> it would have been improved and extended so well that it would *be*
> what RR has become (at least conceptually), but with more market
> muscle behind it. Before Apple re-seized HyperCard from Claris, I saw
> demonstrated fully color versions of the product running on Mac and
> Windows. I had copies of these things (though they were time-expired
> and have long since disappeared). They weren't done yet, but they
> were clearly proof that the product was viable.

Technically viable no doubt, but did they intend to keep the $99 price tag?

> So, apologies for the long-winded reply here, but I think it is
> important as we debate the potential resurgence of xCard/xTalk
> products that we not make the mistake of thinking that Apple has
> "been there, done that" and that it didn't work. Apple hasn't been
> there, didn't do that, and really doesn't know what would or wouldn't
> work if they gave it a legitimate shot.

Good point. Reminds me of Apple's half-hearted attempt at cloning, which
some loyalists offer as "proof" that cloning doesn't work (the explosion of
the PC market somehow doesn't get factored into the analysis).

> This is why I'm encouraged by what I see and hear of RR so far. The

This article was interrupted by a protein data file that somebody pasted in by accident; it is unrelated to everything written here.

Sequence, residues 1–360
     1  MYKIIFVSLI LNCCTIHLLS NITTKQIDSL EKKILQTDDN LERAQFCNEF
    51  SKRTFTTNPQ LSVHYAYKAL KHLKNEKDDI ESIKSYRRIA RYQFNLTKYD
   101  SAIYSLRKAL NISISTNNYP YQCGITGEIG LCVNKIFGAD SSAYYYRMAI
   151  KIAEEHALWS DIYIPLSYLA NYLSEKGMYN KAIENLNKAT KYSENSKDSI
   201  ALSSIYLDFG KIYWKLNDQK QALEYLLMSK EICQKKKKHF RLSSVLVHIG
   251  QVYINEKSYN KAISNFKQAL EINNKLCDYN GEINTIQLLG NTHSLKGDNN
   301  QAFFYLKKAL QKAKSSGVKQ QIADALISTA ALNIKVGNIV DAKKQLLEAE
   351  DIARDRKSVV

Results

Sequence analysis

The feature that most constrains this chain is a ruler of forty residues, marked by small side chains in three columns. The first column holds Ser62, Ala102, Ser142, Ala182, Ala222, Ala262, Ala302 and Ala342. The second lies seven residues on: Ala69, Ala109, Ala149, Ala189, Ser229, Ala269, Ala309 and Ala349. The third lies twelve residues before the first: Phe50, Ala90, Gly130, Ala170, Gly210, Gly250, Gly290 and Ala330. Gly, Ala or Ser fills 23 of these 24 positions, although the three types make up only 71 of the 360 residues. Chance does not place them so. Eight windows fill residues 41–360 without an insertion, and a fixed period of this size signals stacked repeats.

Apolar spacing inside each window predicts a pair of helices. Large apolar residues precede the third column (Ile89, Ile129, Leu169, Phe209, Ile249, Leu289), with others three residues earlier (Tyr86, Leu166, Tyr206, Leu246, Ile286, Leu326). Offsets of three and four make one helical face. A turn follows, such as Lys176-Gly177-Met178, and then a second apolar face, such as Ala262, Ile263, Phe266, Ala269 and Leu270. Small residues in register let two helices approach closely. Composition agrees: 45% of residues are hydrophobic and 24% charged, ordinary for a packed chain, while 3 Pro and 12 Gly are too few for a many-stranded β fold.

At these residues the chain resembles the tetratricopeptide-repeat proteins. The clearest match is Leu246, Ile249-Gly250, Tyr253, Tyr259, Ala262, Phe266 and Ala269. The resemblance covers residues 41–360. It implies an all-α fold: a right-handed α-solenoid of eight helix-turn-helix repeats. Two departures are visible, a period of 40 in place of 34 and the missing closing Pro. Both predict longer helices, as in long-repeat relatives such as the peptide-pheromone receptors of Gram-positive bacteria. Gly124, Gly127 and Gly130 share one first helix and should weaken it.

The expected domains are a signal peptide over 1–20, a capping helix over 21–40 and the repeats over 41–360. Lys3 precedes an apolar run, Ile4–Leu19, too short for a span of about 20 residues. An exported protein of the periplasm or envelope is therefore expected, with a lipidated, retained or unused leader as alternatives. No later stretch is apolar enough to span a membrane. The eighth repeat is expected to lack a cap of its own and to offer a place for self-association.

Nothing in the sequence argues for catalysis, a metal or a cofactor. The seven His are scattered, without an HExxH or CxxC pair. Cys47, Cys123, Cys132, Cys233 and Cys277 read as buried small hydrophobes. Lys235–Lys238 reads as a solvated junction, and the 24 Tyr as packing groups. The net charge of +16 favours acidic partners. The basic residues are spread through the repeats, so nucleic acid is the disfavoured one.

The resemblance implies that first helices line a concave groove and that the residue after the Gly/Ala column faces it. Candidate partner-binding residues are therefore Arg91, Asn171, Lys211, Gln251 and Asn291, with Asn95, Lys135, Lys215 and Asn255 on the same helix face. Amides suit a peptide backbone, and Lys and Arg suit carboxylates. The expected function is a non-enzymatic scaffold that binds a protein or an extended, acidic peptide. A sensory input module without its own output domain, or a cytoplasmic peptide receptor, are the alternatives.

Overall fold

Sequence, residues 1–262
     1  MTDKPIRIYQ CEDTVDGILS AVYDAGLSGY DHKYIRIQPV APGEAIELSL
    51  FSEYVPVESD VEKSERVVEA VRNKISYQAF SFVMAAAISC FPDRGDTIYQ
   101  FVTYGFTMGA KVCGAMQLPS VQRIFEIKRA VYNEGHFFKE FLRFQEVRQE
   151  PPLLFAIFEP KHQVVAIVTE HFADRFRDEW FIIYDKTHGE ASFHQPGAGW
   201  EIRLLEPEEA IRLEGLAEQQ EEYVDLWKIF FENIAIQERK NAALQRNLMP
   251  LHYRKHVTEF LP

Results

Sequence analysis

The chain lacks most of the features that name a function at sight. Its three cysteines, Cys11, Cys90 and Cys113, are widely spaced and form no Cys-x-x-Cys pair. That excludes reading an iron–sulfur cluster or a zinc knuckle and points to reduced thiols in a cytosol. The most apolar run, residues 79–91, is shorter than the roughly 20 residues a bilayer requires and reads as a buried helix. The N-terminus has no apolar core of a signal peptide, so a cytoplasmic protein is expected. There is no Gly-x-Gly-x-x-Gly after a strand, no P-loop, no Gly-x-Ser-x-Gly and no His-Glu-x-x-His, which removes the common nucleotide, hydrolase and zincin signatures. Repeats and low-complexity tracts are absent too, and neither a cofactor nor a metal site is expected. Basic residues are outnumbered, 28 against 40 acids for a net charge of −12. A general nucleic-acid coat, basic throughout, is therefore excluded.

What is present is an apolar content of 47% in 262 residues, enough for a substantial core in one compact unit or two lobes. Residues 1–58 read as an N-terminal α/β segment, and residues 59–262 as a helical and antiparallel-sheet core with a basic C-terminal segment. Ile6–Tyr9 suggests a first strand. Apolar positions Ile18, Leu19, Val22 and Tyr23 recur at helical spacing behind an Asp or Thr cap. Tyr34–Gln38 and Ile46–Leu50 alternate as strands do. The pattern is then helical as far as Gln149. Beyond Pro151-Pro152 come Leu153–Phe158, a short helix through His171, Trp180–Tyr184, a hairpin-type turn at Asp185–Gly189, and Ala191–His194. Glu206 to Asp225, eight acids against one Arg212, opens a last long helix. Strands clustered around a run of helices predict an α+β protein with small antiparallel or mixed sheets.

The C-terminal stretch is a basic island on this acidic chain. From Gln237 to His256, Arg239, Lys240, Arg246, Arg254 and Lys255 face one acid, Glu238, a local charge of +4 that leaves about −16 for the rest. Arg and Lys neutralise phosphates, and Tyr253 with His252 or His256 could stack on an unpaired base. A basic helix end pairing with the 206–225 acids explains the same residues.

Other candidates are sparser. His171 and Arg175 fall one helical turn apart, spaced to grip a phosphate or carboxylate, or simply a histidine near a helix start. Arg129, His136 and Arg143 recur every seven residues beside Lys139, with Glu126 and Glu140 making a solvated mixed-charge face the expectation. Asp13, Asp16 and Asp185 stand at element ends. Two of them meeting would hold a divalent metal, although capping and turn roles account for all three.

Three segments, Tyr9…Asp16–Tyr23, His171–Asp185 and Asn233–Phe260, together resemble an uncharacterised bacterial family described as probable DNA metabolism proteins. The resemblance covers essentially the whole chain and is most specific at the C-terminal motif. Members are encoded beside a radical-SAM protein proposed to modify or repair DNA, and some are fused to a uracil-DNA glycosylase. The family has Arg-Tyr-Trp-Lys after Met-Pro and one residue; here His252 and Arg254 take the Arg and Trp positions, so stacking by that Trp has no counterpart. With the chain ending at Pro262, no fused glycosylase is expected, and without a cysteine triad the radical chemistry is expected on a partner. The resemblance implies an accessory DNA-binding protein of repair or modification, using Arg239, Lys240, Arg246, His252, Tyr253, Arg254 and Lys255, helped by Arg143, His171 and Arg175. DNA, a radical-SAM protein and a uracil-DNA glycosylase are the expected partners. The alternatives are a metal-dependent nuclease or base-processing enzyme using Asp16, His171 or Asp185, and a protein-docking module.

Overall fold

> company's fortunes ride not on selling more overpriced, feature-laden
> computers to an elite group of users (including me!) but on making
> this product work. They have some ways to go but their progress so
> far is remarkable. I am encouraged each time I do something in RR and
> I get goose-bumps at the prospect of being able to rely on such a
> wonderful product as HyperCard-on-steroids (legal ones, of course!)
> once again for things my wife, my friends, my children, my
> grandchildren, and I want our computers to do but for which no
> software company is going to provide a solution.

Amen, brother. Let the Revolution revolution begin!

 Richard Gaskin 
 Fourth World Media Corporation
 Custom Software and Web Development for All Major Platforms
 Developer of WebMerge 2.0: Publish any Database on Any Site
 Ambassador at FourthWorld.com       http://www.FourthWorld.com
 Tel: 323-225-3717                       AIM: FourthWorldInc